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Airbus A350 says the cockpit design allows for future advances in navigation technology to be placed on the displays plus gives flexibility and capacity to upload new software and to combine data from multiple sources and sensors for flight management and aircraft systems control.

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In 2005, GE was the launch engine of the original Airbus A350, aiming for 2010 deliveries, while Rolls-Royce offered its Trent 1700.

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Airbus A350 issued service bulletins regarding onboard equipment and removed galley inserts because of leaks.

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Airbus A350 had to address spurious overheating warnings in the bleed air system by retrofitting an original connector with a gold-plated connector.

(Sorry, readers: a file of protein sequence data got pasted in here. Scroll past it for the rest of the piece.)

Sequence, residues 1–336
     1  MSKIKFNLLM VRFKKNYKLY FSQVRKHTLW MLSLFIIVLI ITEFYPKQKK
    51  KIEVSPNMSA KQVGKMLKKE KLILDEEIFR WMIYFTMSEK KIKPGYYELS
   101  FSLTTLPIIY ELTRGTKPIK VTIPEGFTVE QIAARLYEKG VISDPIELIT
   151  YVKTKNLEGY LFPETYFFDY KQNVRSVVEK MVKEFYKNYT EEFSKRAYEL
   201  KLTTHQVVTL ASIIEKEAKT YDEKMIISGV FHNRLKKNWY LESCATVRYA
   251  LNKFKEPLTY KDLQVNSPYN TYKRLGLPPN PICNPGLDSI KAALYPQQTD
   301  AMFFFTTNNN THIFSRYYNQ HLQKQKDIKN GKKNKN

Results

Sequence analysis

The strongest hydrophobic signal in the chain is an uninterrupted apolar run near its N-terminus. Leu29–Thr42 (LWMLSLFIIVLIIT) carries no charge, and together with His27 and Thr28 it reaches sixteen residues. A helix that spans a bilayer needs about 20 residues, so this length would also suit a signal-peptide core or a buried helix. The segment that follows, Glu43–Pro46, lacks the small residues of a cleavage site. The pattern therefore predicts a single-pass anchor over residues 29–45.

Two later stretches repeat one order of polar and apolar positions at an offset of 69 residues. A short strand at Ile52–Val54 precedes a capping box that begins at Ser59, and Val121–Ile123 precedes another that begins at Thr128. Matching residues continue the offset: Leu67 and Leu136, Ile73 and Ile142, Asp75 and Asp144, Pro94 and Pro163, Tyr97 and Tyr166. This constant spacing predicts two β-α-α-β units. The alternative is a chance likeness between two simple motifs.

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In contrast, Singapore Airlines, the largest Airbus A350 operator, had not detected such problems with its fleet and continued to operate it.

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On 20 December 2021, Airbus received a formal legal claim in the English courts filed by Qatar Airways, concerning the degradation of surface and paint on certain of the airline's A350 aircraft.

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Three main variants of the Airbus A350 were launched in 2006, with entry into service planned for 2013.

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The Airbus A350 Regional was expected to be ordered by Etihad Airways and Singapore Airlines.